There is something almost mystical about mushrooms. On a clear morning after a storm in warmer months, a walk around my neighborhood isn’t complete without the sighting of large mushrooms that have popped out overnight. It’s like walking past a rose bush with no flowers on it one day, and discovering it covered with blooms the next.
Of course, I am too uninformed about foraging to even attempt to harvest one of these crops, but that doesn’t lessen my appreciation for fungi in cooking. As a source of umami, that savory meatiness that the Japanese identify as a fifth taste, mushrooms are a quick hit for sauces and stews. Dried mushrooms restore amazingly in a little hot water, and the resulting broth becomes another element used for enhancing braising liquid or a sauce. Oyster, shiitake and morels are all available and can be stored in the pantry for months. Even standard grocery chains carry a variety of fresh mushrooms these days, so finding a fresh shiitake is almost as easy as finding white mushrooms, crimini, or portabellas.
An early revelatory experience for me centered around mushrooms. Having gone to The Inn at Little Washington back when it first opened, I was blown away by an appetizer, Marinated Shiitake Mushrooms with Chilled Vermicelli, and chef Patrick O’Connell was nice enough to give me the recipe. You can download the recipe here. Preparing the dish involves making a tomato sauce, sautéing the mushrooms in olive oil, and preparing the vermicelli, all separately. Only at the plating does it all come together.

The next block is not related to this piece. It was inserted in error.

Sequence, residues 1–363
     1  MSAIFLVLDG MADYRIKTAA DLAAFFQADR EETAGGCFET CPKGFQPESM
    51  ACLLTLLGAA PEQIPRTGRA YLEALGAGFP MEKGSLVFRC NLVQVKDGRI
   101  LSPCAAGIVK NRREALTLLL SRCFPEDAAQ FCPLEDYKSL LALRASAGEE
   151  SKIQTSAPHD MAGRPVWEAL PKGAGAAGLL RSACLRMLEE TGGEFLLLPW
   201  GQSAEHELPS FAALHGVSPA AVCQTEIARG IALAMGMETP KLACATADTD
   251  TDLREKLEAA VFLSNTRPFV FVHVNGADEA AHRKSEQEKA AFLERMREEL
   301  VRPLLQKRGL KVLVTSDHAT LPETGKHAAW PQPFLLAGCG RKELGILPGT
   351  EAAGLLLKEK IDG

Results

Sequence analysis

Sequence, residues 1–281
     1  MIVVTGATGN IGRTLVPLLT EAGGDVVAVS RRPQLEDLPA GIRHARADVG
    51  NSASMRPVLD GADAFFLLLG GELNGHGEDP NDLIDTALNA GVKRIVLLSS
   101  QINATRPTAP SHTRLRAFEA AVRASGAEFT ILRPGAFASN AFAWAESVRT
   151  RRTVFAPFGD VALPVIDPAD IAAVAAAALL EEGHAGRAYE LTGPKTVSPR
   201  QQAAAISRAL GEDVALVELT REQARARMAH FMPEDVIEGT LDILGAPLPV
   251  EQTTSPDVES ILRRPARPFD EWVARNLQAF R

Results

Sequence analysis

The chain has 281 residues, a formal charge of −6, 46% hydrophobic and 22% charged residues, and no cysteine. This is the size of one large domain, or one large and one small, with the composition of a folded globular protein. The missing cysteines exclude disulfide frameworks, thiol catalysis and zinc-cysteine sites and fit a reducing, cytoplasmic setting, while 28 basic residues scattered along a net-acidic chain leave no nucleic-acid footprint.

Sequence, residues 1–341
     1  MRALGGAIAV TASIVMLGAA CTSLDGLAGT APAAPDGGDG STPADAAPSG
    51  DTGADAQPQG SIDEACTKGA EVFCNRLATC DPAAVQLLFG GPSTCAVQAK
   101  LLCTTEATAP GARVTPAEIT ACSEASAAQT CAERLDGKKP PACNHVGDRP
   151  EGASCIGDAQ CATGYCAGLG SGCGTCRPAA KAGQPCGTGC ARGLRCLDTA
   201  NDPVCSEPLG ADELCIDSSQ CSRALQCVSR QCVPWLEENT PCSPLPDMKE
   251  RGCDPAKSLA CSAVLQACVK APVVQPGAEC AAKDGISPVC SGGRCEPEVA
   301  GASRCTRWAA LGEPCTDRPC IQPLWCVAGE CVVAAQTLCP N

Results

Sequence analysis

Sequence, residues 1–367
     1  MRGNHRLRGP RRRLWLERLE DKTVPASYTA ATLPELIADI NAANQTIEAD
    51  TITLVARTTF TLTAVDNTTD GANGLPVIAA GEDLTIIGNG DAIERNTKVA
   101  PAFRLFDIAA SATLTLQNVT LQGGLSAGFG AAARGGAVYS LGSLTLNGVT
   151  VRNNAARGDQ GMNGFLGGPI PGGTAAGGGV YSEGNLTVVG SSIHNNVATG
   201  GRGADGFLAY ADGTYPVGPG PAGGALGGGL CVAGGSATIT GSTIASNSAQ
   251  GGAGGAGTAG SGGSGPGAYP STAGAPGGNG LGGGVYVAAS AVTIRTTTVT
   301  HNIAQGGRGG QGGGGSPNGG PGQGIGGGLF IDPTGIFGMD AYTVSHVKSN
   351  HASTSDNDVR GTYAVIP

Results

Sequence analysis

As I was making the dish, none of the preparatory steps smelled or tasted anything like the dish I remembered from the restaurant. I assumed that the recipe was missing a transformative ingredient held back by the chef. And then, when all of the parts had been assembled as directed, there was the dish—a reasonably accurate version of the restaurant serving. The transformative effect of technique, training and intuition resulted in something amazing. I realized two things that day: creating a recipe and preparing one are really two separate things, and just how much designing a recipe is like designing anything else.
Making a good mushroom dish is all about creating a meaty texture with the mushrooms, a combination of extracting the water from the fungi, searing the exteriors, and adding flavor with spices and stock. The Baby Bella Sauté that we’ve added to our New Recipes section is a great all-purpose dish that, with some fine-tuning of spices and liquids, can accompany almost any kind of main dish, and can be pretty awesome as the major ingredient in anything from a quiche to a crepe to an enchilada.